DKIM Certificate Generation
DKIM signing is unavailable if you are using a re-authenticating user.
DKIM is an email authentication method designed to detect forged sender addresses in email. When signing outgoing messages with DKIM, recipients can verify a respective message is from the sender it claims to be from and that the content of the message has not been modified.
Why should I use DKIM?
There are several advantages to using DKIM to sign your outgoing emails:
- The recipient is able to verify that the message originated from the specified sender
- The recipient is able to verify that the message content (and important headers e.g. the subject) has not been altered
- It lowers the chance of the email being identified as spam, although this is not the primary reason to sign
If a spammer is trying to abuse your domain or email address, using DKIM reduces the chances of spam getting through. Many email servers check for a valid DKIM signature on incoming email.
How does it work?
DKIM adds a special DKIM Signature to the email headers. This signature contains a hashed value of the content (both important headers and the body). When a server that is checking for DKIM receives an email, it does the following:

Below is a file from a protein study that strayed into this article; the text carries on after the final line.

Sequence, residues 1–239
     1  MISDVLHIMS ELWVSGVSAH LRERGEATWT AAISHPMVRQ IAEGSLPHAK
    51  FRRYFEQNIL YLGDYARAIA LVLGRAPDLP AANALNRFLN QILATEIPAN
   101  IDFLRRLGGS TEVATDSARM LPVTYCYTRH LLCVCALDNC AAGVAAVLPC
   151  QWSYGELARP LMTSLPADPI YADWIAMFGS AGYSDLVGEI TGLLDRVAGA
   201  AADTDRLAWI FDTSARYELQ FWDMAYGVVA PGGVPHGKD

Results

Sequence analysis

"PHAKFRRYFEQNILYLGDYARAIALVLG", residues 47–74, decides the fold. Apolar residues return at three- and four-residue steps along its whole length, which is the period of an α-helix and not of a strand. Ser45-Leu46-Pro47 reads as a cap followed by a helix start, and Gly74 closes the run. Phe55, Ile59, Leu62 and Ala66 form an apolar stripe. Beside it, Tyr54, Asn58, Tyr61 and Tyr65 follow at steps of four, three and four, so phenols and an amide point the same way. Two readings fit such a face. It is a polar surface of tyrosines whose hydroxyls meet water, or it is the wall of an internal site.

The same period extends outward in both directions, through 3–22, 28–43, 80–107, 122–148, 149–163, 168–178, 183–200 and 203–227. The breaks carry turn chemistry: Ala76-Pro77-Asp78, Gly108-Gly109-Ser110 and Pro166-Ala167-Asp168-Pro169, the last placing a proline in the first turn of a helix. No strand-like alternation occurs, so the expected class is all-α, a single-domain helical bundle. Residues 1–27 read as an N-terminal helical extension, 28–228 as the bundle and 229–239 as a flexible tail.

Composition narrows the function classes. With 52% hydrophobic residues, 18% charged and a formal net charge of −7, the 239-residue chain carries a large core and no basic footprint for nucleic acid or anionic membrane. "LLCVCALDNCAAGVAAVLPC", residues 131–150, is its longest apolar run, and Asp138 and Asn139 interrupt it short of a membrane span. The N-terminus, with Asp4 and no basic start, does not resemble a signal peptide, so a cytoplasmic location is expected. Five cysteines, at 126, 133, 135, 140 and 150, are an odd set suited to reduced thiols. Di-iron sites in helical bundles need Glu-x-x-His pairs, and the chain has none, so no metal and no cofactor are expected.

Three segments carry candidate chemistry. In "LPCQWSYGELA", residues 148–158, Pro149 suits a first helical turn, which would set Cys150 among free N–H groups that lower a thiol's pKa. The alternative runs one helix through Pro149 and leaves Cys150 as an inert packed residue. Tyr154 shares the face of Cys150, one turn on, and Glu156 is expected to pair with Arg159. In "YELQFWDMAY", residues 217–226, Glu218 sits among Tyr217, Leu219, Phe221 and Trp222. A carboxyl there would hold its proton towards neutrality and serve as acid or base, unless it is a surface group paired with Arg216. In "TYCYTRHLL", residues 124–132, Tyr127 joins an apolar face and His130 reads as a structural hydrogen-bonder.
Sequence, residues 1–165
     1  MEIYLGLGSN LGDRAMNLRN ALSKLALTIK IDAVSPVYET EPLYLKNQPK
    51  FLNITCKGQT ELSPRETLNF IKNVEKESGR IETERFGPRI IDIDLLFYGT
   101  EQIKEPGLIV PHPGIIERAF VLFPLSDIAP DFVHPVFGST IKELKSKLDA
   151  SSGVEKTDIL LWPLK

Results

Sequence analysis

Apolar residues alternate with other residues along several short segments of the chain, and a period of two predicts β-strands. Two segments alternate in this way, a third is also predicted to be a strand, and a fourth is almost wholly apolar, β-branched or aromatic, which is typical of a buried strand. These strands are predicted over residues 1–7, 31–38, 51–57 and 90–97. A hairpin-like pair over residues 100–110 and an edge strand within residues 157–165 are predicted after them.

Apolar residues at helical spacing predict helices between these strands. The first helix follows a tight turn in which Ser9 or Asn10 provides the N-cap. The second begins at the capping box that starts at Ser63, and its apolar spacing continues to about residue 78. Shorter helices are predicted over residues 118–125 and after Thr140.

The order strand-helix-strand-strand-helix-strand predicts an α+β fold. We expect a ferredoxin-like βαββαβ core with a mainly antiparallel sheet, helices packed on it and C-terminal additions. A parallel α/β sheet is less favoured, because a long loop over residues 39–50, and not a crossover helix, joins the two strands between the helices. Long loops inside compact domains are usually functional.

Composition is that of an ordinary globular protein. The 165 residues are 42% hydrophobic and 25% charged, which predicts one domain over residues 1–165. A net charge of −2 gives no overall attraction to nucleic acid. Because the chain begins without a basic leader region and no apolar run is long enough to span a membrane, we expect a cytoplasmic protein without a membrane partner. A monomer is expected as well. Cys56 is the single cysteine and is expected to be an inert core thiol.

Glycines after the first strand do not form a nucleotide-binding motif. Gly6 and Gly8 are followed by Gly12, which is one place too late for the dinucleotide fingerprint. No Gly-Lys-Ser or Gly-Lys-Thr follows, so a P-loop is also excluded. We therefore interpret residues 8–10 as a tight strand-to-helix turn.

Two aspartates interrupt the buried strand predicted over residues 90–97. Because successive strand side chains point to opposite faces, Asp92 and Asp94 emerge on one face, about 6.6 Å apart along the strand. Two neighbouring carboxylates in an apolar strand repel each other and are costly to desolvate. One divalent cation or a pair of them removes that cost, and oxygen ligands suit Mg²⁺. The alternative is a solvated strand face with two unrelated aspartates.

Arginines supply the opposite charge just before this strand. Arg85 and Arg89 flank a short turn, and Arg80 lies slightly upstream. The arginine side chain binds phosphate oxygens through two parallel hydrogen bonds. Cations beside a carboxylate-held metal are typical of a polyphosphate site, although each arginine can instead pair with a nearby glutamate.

- Retrieves the public key from the DNS of the sending domain
- Uses the key to decrypt the signature
- Verifies the content
The exact actions a mail server takes when it discovers an invalid signature depend on the configuration of that server.
What do you sign by default?
Besides the body, the following headers are by default included in the signing:
Generate a DKIM certificate in the Mail Assure Control Panel
- Login to Mail Assure to the Domain Level Control Panel
- Select Outgoing > DKIM
- Choose the DKIM key length
The recommendation is to use 2048, if your DNS accepts it
- Enter the DKIM selector and click on Generate and save new private/public pair
- Once the key has been generated, create a TXT DNS record on the hostname, for example for:
selector1is what was entered into the DKIM selector field in Mail Assure
_domainkeyremains as it is
example.invalidis replaced by your domain name
And enter value of this DNS record equal to the key given in the green box in Mail Assure e.g.
v=DKIM1; k=rsa; p=MIIBIjANBgkqhkiG9w0BAQEFAAOCAQ8AMXXXXXXcqo8bs5hLiVqaraXopOAxV+1RAD5PolF4r7u1UPMmEnBo+ncGRxRN5W7vc01yeePr5D118gJPIFaeWz0fLKFORPYr44dWqCJuWhVz/BOg/+ih+1z1kCu6pfqP3Fkvh10ALsv8bDQRsfLY62s2Rc+r+1hJlVH5KpOxQ9BNDWO2g51iMjIJ4xCSnaNavZqEHyQSUmmi/mtJa/8tNRZ/ZxQOOh76mz2/9tlKHynns58cjfeVD+OszAdMjVxWigDCYIuv1XeLqjwZcrroPBJ4o/KAS/typvOn3BCsgSr5L2UmJmZnzSEhyiFGcwCT8owIDAQAB;
- In the Mail Assure's Outgoing > Manage Outgoing Users/Authentication page for your Outgoing User/Authentication Method (see Outgoing Users/Authentication Methods), edit this to enter what was used in step #4 in the DKIM Selector field
If you do not change the DKIM selector in the Outgoing Settings page to the one used in the DKIM key generation page, no DKIM signing will be done by the filter.
The DKIM selector can be whatever you want it to be.
Any domain that sends using outgoing authentication that has this selector, should sign with this (assuming they do not have their own DKIM).
For further information on DKIM, see http://dkim.org/info/dkim-faq.html
The following sites provide more information on DKIM: